Del Jones is a Tucson TreasureDec 02, 2013 03:21PM ● By Sylvia Haskvitz
When Del Jones looks back at all the things that engage her deeply, 90 percent have come from a book that said, “Get going!” Most people read a book, learn a few principles or ideas and move on. Jones reads books, gets inspired and begins organizations, programs and councils.
She has brought much to the Tucson community for the last 33 years. In her earlier years, she suffered discrimination as a woman. She wanted to contribute to changing that system. When systems aren’t working, she is the change. She takes action and creates something that does work.
Jones wants to live in a culture of kindness, compassion, understanding and love and embrace our interconnectedness. Jones read the Chalice and the Blade, by Riane Eisler, and started the Partnership Way organization, which is committed to new ways of thinking, feeling and acting based on the principles of power with instead of power over; using technology for creativity and peace rather than war and violence; equalitarianism; and respect for the planet.
Reading Cultures of Peace: The Hidden Side of History (Peace and Conflict Resolution), by Elise Boulding, resulted in her creating Peace Circles in Tucson to discuss peace practices.
Roots of Empathy: Changing the World Child by Child, by Mary Gordon led Jones to the process of bringing that program to Tucson. It’s acclaimed for fostering empathy and emotional literacy in children with the goal of creating a more civil society, one child at a time.
Jones was a wellness consultant for hospitals and served on the Governor’s Council of Health and Wellness, where she met Mel Zuckerman, of Canyon Ranch fame. He hired her to be the director of the Fitness Foundation. Zuckerman said they ought to do something for businesses and wellness. After attending a national conference and meeting someone that had begun a wellness council in his city, Jones was inspired, and after hearing about it, Zuckerman said, “Go for it!” that’s when Jones started the Wellness Council of Arizona with his blessing.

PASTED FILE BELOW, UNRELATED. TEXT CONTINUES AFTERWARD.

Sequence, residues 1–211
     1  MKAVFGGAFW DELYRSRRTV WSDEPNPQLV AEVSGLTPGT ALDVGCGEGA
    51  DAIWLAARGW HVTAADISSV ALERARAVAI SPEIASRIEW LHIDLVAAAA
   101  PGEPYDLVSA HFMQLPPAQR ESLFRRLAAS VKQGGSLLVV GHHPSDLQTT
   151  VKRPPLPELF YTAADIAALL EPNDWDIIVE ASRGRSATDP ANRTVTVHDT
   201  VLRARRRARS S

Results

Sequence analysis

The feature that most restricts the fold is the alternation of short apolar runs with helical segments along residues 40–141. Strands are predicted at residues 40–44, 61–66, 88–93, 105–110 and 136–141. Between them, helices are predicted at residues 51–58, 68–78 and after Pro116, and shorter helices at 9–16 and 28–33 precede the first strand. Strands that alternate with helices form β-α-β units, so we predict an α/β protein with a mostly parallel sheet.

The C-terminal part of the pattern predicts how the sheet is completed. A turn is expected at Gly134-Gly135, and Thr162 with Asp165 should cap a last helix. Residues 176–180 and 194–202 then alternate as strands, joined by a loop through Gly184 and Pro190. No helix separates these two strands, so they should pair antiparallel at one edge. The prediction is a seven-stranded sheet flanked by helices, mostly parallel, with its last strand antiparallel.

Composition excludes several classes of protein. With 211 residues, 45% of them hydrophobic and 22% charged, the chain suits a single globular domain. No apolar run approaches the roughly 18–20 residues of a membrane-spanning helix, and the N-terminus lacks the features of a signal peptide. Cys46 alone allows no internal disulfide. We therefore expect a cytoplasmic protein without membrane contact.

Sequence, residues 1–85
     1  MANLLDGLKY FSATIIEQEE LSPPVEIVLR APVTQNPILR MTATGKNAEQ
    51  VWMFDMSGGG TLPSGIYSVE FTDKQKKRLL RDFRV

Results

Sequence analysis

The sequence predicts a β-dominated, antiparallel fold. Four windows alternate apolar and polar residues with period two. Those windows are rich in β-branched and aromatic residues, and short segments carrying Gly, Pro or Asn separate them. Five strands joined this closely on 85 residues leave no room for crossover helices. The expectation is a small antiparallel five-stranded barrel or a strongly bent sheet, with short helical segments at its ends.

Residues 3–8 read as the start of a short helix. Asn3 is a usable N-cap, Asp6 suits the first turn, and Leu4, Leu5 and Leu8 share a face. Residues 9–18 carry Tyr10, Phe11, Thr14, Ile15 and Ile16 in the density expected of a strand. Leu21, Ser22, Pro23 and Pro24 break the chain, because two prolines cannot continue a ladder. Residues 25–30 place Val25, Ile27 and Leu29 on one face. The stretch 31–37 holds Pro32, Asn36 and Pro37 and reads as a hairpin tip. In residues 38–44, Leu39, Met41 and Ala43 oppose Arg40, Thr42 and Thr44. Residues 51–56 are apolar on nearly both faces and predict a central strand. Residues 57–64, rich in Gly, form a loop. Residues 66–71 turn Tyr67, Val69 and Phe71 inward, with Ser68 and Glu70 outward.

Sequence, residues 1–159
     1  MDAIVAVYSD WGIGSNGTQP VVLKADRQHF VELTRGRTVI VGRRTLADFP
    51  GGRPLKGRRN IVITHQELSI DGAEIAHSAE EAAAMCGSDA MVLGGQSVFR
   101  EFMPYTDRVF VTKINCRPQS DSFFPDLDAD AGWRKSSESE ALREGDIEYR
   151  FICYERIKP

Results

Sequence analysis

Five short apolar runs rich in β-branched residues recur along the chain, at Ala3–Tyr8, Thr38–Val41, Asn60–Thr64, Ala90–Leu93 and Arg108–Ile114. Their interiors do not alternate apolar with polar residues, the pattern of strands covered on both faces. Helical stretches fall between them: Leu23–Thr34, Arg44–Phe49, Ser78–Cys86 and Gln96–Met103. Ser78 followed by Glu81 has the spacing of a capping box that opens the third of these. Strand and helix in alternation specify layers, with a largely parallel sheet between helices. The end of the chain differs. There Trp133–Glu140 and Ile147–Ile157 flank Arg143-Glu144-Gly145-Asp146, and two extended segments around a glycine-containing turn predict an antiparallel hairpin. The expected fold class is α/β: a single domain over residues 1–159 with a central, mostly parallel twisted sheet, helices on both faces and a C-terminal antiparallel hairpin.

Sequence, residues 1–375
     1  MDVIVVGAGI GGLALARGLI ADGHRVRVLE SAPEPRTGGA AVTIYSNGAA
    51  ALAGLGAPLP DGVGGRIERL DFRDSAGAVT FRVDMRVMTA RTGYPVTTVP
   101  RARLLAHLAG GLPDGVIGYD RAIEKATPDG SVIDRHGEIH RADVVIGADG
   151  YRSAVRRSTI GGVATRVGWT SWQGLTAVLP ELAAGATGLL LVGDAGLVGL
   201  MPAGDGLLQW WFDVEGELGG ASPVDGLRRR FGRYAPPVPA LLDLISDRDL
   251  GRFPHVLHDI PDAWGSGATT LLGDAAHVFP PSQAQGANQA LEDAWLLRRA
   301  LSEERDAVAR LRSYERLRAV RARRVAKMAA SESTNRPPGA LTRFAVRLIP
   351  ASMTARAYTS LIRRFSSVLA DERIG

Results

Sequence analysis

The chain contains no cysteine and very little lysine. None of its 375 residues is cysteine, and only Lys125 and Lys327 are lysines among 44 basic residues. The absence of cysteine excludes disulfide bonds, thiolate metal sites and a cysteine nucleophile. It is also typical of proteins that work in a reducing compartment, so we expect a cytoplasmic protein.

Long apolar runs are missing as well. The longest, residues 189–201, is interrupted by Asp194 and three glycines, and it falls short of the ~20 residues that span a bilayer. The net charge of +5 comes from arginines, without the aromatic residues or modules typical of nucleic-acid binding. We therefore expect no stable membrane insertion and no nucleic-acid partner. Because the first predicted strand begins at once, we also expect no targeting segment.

She read From Age-ing to Sageing: A Revolutionary Approach to Growing Older, by Zalman Schachter- Shalomi, and liked the idea of the saging circles it described. Jones created Elder Circles, which are now sponsored by Our Family Center for Community Dialogue. Her thought is that there should be an elder circle for anyone that wants to talk about the meaning of life. As Jones puts it, “I’m not a trivia talker.”
She was not new to the idea of circles, because she had already discovered peacemaking circles and knew the power of the circle. She also liked the idea of a venue to face up to our own mortality. Then Jones read a newsletter about the Conversation Project, a public engagement campaign to get everyone’s end-of-life wishes expressed and respected. She got excited about their message of getting rid of the death denial culture we live in.
Jones urges us to say the words “he died” rather than more euphemistic speak of passing away or transitioning. She leads a forum on death because she wants people to talk about the difficult conversations like death and is also an avid member of Death Cafe. She also has a gift of connecting people. In fact, she can imagine her tombstone reading “The Great Connector.”
When asked what has made her marriage of 68 years work, Jones says, “He lets me be who I am and do what I want.” And the Tucson community is grateful for that.
Sylvia Haskvitz is a frequent contributor to Natural Awakenings.